Staxel – How to set up a multiplayer game

There are a few different methods you can use to set up a multiplayer game for Staxel. This guide will walk you trough the options and help you decide which one is best for you.

Multiplayer Guide

There are multiple ways to connect over multiplayer on Staxel. Depending on which version of Staxel you’re using and the quality of your internet connection, you’ll want to choose the method which is more suitable to you. This guide will walk you through the different ways you can connect to your friends.

StaxelNet

StaxelNet is the preferred option to use when connecting to your friends as it uses our own relay network. Most users (depending on location) will benefit from using StaxelNet over regular Steam Networking. It’s only a little more complicated to set up but it’s definitely worth trying if you’re experiencing issues such as server lag or issues connecting to the server.

For Hosting

From the Main Menu, start by clicking on the “Multiplayer” option. From there, simply select “Play with Friends”.

After that, you’ll be able to choose which world you want to play on, but before loading in you’ll need to look at the options by clicking the gear icon next to your preferred world.

In the menu that pops up, you need to make sure that “Use StaxelNet” is enabled. After that you can click “Launch” to load into the world. (You can enable “Allow friend joins” here which will let you invite your friends to the game through the Steam friends list)

Once you’ve loaded into the game, you can find the StaxelNet address by opening the pause menu (press Esc). On the right-hand side you’ll see the StaxelNet info. The address is masked by default but you can reveal it by clicking on the eye icon if necessary.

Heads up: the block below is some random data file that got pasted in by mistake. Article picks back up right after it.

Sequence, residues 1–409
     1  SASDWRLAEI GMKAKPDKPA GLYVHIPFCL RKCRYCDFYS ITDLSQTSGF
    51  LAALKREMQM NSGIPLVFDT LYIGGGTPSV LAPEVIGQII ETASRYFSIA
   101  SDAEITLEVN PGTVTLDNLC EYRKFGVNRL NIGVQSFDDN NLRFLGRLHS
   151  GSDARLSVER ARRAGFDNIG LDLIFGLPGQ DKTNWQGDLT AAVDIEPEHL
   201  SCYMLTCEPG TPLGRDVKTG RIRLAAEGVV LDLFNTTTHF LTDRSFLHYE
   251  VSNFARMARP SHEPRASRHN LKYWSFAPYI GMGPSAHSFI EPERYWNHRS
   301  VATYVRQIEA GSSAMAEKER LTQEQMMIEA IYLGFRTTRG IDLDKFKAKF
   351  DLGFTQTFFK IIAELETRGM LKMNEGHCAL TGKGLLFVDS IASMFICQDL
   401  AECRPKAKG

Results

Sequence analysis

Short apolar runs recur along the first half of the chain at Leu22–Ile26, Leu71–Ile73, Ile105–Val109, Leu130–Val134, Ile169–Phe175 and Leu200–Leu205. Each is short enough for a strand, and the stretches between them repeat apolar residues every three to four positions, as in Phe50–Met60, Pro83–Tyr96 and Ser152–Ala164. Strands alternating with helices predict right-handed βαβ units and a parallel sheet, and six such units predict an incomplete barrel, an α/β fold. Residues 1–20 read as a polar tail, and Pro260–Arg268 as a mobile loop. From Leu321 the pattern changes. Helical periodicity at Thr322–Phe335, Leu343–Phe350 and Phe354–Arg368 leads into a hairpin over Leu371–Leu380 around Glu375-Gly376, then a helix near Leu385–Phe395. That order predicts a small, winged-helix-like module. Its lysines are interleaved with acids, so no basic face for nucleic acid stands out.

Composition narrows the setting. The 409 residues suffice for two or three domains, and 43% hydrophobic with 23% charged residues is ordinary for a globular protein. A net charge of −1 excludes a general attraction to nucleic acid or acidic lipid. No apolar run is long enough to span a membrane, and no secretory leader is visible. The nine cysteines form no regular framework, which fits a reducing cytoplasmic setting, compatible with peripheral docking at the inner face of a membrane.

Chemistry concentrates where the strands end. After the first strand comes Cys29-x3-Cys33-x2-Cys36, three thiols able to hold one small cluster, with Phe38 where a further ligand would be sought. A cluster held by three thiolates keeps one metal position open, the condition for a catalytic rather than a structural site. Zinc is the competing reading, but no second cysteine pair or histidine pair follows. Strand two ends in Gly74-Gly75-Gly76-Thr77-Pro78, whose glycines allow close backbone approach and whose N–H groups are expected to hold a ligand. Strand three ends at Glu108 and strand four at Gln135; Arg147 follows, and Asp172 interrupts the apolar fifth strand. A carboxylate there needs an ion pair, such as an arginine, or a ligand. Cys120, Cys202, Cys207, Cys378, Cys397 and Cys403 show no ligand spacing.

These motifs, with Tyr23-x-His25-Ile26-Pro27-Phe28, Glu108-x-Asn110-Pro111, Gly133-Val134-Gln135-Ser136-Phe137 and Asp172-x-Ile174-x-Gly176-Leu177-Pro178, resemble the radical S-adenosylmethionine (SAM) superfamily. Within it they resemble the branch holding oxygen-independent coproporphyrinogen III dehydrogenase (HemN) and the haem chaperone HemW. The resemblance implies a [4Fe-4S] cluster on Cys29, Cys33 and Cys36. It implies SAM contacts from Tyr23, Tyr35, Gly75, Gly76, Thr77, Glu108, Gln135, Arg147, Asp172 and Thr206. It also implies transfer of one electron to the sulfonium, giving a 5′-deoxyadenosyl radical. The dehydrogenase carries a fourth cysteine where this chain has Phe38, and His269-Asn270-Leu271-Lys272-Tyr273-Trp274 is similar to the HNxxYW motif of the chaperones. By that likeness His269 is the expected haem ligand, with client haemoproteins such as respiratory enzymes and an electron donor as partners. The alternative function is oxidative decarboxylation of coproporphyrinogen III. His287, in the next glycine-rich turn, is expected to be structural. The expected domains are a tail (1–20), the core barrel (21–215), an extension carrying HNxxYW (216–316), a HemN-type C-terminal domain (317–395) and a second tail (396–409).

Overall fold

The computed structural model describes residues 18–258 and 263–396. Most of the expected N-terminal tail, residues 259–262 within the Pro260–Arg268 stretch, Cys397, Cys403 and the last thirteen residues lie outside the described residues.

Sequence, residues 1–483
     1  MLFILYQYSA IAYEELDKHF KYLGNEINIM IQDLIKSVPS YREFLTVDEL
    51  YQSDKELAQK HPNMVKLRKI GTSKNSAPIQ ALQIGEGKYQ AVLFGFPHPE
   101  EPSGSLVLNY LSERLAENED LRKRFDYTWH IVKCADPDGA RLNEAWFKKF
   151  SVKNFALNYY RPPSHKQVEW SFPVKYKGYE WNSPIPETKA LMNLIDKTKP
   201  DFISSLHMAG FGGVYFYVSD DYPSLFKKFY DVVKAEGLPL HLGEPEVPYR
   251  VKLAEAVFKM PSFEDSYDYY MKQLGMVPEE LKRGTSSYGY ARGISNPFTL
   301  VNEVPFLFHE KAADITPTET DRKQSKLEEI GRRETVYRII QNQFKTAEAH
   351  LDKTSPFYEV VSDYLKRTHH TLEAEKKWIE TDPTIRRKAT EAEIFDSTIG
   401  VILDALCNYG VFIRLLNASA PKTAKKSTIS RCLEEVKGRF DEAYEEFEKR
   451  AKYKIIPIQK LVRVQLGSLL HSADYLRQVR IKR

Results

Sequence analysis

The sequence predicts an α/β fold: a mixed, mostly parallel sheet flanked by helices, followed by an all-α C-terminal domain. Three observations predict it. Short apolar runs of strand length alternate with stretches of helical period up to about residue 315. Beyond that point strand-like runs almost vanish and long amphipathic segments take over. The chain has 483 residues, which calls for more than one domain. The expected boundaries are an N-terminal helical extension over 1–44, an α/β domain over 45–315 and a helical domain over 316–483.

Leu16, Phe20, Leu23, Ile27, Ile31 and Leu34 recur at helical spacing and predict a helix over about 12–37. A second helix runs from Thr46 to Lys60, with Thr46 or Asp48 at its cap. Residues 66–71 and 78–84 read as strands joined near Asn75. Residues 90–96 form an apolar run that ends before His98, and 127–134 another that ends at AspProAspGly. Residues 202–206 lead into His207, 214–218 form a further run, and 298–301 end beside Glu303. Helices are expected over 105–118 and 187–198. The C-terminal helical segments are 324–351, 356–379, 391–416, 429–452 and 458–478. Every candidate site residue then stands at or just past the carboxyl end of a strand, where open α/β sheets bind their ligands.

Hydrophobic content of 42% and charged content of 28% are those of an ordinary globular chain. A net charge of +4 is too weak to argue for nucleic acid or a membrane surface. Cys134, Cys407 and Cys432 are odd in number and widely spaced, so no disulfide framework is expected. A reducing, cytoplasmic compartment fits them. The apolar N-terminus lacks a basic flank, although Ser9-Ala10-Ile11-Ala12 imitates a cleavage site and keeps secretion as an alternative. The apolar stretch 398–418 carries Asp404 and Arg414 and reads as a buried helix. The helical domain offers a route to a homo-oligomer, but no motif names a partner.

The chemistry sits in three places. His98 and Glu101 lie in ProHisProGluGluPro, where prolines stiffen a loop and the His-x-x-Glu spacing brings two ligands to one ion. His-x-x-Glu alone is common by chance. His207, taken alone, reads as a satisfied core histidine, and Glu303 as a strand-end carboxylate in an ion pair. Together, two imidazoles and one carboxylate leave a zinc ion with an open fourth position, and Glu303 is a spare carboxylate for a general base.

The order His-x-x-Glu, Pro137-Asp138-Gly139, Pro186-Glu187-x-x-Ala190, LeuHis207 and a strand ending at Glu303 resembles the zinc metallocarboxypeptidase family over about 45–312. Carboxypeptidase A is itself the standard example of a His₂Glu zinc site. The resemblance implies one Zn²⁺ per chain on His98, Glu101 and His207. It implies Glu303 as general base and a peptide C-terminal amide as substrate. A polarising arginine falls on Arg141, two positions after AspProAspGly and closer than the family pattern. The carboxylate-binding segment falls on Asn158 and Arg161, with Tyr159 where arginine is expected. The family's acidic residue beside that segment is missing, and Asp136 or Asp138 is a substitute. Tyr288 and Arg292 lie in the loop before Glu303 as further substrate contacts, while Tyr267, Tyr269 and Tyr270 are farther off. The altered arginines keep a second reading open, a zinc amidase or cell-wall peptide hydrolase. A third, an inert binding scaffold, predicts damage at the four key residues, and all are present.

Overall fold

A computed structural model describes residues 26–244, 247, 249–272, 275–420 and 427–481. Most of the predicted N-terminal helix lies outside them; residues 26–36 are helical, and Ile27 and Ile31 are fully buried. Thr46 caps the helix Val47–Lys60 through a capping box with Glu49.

This is the address your friends will use to connect to your server. You can copy the address by either highlighting it and pressing Ctrl+C, or by clicking on the copy icon next to the eye icon.

For Joining

When connecting to a game over StaxelNet, you’ll first need to get the StaxelNet address from the host. Once you’ve got it, head over to the “Multiplayer” screen on the Main Menu and type/paste the StaxelNet address into the “Server Address” field.

No password or port number is necessary when connecting over StaxelNet.

Now just click on “Join Server” and you’ll load into your friend’s game, assuming everything was set up correctly.

Steam Networking

This is the easiest way to start a multiplayer game (assuming you and all of your friends are using the Steam version of Staxel) but some people have reported connectivity issues when using Steam, especially on poor connections or when playing with friends who are more spread out across the world.